Paul Driver, The Sunday Times,2/26/2006
Simon Holt’s hugely impressive new violin concerto, a BBC commission premiered by Viviane Hagner with the BBC Symphony Orchestra and conducted by Jonathan Nott, bears little relation to conventional ideas of what a violin concerto should be. In his recent works, Holt has explored the possibilities of building large-scale forms from a sequence of miniaturised movements, and the new concerto, witness to a snow miracle, continues that trend, consisting of seven movements adding up to just over 20 minutes of music. As the title suggests, the piece is programmatic – though Holt leaves the precise perspective of that programme to the audience’s choice. It is based upon the life of the fourth-century Christian martyr St Eulalia, who was tortured and killed by the Romans in Spain for refusing to worship their gods. She was burned and, when a blanket of snow fell on her ashes, she was declared a saint. The solo violin, says Holt, is “possibly Eulalia herself, or a witness to her torments and martyrdom (or are we as listeners witnesses to the proceedings?)”. The titles of the individual movements – from the opening violin solo depicting Eulalia herself, through The Tearing, the Burning, to Torments and Halo – seem to plot her path towards sainthood. But throughout the work, both the solo and orchestral writing are so vivid that their precise correlation with the programme seems to matter less and less, and the whole adds up to far more than the sum of the individual parts. Holt sets the violin against a strangely skewed orchestra lineup that includes two piccolos, two harps, a piano and celesta, but no trumpets. Used sparingly, it conjures a series of haunting, vivid images and creates a delicate, bright sound-world against which the violin’s nervous, hyperactive lines stand out sharply. In that one respect at least witness to a snow miracle is a conventional concerto, for the solo violin part is fearsomely difficult; Hagner had mastered it exceptionally well.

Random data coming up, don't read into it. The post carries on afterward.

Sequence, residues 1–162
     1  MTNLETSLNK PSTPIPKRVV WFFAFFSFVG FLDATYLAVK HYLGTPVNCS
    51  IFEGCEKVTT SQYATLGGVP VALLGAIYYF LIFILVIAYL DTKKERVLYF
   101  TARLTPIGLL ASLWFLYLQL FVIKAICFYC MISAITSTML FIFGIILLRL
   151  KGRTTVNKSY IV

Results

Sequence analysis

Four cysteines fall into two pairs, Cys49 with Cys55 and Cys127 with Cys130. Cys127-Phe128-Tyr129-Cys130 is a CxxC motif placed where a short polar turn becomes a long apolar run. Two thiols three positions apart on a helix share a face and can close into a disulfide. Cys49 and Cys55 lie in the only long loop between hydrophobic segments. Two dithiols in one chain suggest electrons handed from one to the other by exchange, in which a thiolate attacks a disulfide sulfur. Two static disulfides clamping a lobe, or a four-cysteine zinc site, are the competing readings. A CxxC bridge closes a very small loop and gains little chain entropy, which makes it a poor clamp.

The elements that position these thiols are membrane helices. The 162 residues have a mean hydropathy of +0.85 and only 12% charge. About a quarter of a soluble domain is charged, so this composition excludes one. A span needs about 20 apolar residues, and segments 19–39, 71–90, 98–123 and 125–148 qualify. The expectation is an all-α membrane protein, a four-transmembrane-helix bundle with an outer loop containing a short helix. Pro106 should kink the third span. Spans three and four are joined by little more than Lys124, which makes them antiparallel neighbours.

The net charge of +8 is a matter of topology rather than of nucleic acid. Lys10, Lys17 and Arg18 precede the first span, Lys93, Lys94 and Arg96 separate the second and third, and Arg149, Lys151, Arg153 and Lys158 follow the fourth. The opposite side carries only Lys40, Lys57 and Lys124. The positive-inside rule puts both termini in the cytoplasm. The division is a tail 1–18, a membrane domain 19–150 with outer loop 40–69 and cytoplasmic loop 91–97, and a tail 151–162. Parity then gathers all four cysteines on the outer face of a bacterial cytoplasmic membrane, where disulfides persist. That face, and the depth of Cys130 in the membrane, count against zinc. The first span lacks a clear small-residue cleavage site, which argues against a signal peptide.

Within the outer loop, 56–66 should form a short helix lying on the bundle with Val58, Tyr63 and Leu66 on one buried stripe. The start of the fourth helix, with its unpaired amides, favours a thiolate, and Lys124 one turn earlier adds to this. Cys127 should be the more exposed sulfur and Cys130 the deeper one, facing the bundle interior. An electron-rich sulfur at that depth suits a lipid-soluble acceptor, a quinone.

Andrew Clements, The Guardian,2/22/2006